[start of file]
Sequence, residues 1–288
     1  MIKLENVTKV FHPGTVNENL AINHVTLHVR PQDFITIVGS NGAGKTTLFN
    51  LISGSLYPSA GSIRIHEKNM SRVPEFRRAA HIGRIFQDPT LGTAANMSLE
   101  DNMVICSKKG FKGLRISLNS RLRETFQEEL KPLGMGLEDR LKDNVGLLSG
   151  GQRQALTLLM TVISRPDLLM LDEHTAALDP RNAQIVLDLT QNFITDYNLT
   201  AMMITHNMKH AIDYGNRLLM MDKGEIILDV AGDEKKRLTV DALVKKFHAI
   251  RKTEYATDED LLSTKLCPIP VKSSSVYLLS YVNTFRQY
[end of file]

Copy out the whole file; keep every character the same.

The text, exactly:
Sequence, residues 1–288
     1  MIKLENVTKV FHPGTVNENL AINHVTLHVR PQDFITIVGS NGAGKTTLFN
    51  LISGSLYPSA GSIRIHEKNM SRVPEFRRAA HIGRIFQDPT LGTAANMSLE
   101  DNMVICSKKG FKGLRISLNS RLRETFQEEL KPLGMGLEDR LKDNVGLLSG
   151  GQRQALTLLM TVISRPDLLM LDEHTAALDP RNAQIVLDLT QNFITDYNLT
   201  AMMITHNMKH AIDYGNRLLM MDKGEIILDV AGDEKKRLTV DALVKKFHAI
   251  RKTEYATDED LLSTKLCPIP VKSSSVYLLS YVNTFRQY